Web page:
The Stand With Everyone Against Rape (SWEAR) group at Martha’s Vineyard Regional High School (MVRHS) will be taking a trip to Camp Hale in New Hampshire as part of a 36-hour retreat that deals with gender-based violence, rape culture, and other related topics.
During an MVRHS committee meeting Monday evening, wellness coordinator and school adjustment counselor Amy Lilavois said the SWEAR group was first established in 2015 as part of a student’s senior project, and saw great success in following years.
The program started out doing a one-day retreat at the YMCA, which eventually increased to two days, and now Lilavois wants the program to embark on an overnight trip to Camp Hale in New Hampshire to delve deeper into the tough conversations surrounding rape, sexual assault, and gender-based violence. The camp was connected with the school through former MVRHS administrator of student affairs Dhakir Warren, who attended the camp when he was a child.
As part of this year’s trip, 25 male students and five female students will head to the camp. The program is funded by a grant in collaboration with Connect to End Violence.
“The philosophy behind the program is that gender-based violence isn’t just a women’s issue, it’s a men’s issue as well,” Lilavois said.
School adjustment counselor and co-director of the SWEAR program Matt Malowski said the group will spend the first day at camp discussing healthy masculinity versus toxic masculinity, then will lean more into the myths and repercussions of sexual violence and rape. “When we first started the program, we didn’t think we would have any women the second year. The young men said how important it was for them to have their peers there really sharing what their experiences are,” Lilavois said.
Malowski said on the second day of the retreat, students will discuss statistics surrounding rape and sexual violence, along with some Island statistics provided by Connect to End Violence.
He stressed that the aftermath of the pandemic is playing out now with teens, and although they tried to keep the SWEAR program going during the pandemic, it was difficult to connect with students without having some kind of retreat.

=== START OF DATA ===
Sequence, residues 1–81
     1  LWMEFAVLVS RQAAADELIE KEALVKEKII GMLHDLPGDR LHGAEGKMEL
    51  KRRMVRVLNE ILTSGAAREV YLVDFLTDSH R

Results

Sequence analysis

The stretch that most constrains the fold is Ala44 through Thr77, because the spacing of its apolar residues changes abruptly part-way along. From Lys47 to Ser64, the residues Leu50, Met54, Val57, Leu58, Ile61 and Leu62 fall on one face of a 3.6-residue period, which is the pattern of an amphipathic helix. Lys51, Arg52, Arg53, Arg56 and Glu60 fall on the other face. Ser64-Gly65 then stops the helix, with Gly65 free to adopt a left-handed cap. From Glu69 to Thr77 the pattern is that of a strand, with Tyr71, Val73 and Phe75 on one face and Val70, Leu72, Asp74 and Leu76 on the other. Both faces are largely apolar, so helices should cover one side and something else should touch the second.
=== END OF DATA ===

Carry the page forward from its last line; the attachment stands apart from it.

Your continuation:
“The retreat allows us to have these kids’ undivided attention. You can imagine the kinds of conversations we get into, because these topics are so emotional and charged,” Malowski explained. “It’s the best opportunity to grab these students by the heart and really dig into these issues.”
After the program concludes, students who wish to continue in their anti-rape advocacy work can work in middle schools, in health classes to educate younger children on this subject. As the summertime approaches, Lilavois said, the timing of the retreat is extra-important. “We are trying to teach all these kids to be active bystanders instead of just standing by when they are at parties or in social situations,” Lilavois said. She added that students in the SWEAR group host an assembly and a passion speaker each year, as well as conduct educational workshops on Saturdays, and will often mentor younger students during flex periods. “We have even had male students who have interned at Connect after taking this training, and then they go on to college and bring this experience to their schools,” Lilavois said.
To Zoom or not to Zoom?